ILS Back Course landing

Pro Member Captain
nottobe Captain

I flew to Nantucket Mass, but there was only runway 6 ILS backcourse landing. Everything was smooth until after it established the BC localizer, then I realized that there was no glide slope on my gauge. So I had no way to descend since the visibility was almost zero. Did I miss anything about ILS BC landing?

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Don Wood Guest

You did not miss anything. Back course approaches almost never have glide slope information and, thus, are considered non-precision approaches. Where back course approaches are authorized, there will be a published minimum descent altitude and visibility. If you do not have the runway in sight when you reach that altitude in your descent or if the forward visibility is not at least the minimum specified, you are obligated to fly a missed approach. Also, MDA's for back course approaches and other non-precision approaches will always be higher than for ILS approaches. Sometimes the difference will be small - 100 to 150 feet. In other cases, especially where there are terrain conflcit issues, the differences will be greater.

Pro Member First Officer
Andrew (AJWatson2209) First Officer

is a backcourse ILS approach when the Localiser lights are at the other side of the runway?? (sorrry if im totally Off!)

Don Wood Guest

No, the ILS and back course have nothing to do with lights and I am not aware of any device called "localiser lights". You may be thinking of a light system called VASI or Vertical Aircraft Situation Indicator. That is not a component of an instrument approach. It simply gives a visual indicator to pilots on the approach of their vertical position relative to the ideal glide slope. You must be in visual contact with the runway to use VASI.

The Intrument Landing System (ILS) is a precision electronic radio system that provides both horizontal and vertical information about an airplane's position on the landing approach, relative to the ideal position for that approach. An ILS system is set up for a specific runway and is good only for approaches to that runway.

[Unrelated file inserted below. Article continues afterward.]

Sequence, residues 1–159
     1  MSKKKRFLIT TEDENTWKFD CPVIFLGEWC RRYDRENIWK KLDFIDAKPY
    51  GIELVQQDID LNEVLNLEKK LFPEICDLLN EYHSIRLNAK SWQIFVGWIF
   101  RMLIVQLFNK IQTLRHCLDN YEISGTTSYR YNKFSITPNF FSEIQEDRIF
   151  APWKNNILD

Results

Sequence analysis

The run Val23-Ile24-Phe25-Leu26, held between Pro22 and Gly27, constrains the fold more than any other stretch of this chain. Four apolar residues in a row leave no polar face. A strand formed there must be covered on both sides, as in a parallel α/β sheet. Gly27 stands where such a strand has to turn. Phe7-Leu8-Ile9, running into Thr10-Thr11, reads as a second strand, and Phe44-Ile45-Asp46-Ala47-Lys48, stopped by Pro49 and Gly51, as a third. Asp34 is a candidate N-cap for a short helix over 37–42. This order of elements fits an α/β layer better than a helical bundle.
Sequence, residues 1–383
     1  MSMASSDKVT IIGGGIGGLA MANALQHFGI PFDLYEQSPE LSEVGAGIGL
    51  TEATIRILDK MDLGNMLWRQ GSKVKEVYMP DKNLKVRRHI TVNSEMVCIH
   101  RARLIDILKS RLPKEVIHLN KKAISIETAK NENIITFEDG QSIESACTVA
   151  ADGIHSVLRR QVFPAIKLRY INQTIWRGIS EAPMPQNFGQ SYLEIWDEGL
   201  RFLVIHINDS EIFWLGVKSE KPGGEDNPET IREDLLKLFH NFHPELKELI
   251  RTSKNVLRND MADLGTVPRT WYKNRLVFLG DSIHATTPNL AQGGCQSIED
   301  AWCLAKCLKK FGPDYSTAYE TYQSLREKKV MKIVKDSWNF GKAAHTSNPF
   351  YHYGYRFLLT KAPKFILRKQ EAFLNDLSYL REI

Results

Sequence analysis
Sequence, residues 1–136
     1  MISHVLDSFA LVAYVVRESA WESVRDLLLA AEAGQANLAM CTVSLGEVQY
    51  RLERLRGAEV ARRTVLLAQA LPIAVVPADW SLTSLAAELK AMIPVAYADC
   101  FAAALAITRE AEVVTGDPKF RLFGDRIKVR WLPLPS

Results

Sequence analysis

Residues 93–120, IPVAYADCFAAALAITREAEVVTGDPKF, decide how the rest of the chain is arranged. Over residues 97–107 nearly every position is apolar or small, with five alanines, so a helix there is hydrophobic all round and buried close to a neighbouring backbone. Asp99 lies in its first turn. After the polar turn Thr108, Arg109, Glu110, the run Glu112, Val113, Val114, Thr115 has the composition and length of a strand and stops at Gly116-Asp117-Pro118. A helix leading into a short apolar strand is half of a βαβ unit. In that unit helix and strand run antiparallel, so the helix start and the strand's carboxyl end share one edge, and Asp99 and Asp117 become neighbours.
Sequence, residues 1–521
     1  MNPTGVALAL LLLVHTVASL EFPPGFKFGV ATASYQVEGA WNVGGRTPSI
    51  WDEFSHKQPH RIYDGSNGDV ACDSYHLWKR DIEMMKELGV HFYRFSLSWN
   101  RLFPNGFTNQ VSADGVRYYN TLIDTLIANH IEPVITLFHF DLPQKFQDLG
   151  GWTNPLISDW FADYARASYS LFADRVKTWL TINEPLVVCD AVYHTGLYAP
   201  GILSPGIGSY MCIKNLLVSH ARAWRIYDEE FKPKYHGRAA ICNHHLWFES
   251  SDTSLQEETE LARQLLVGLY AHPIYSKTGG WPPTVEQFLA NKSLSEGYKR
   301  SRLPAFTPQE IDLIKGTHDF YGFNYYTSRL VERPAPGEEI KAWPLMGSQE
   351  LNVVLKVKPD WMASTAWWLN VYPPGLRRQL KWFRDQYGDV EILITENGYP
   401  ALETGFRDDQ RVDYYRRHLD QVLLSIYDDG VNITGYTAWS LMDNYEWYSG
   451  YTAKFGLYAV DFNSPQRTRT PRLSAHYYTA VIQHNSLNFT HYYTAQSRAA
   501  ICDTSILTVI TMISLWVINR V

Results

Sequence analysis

However, an aircraft approaching the opposite end of that runway can often use the localizer radio signals to establish its horizontal position on the approach relative to the centerline of the runway. That is called a "back course" approach. Back Course approaches provide no vertical indications and are thus, not a precision approach which is why the minimum descent altitudes are hiigher.

Pro Member First Officer
Ed Reagle (edr1073) First Officer

I deceided to take another flight today from KORF to KIAD. I set the course did all of the stuff the ATC told me to do. I got close to the ATC at Washington Approach I was vectored to runway 300. Hum there isn't an ILS equipment on that runway. I could still navigate but I could not do a A/P approach. With the little bit of experence with the ILS approaches that I've made to runway 1R and 1L, I told ATC as requested tell them when I have the runway insight. I replied and made contact with the tower for final. I took off the A/T and A/P and glided into the runway (300). Smooth landing and recovery on the ground. What I do not understand is the recommended configuration is @ 136,000 147 KIAS and @ 132,000 144 KIAS. In order for me to achive this landing and other I had to be on manual no A/P. With throttles at my control I noticed that I had to increase the throttles to about 73% to keep from running into the ground or at least keep from kissing the ground prematurely. But hey everybody walked away.


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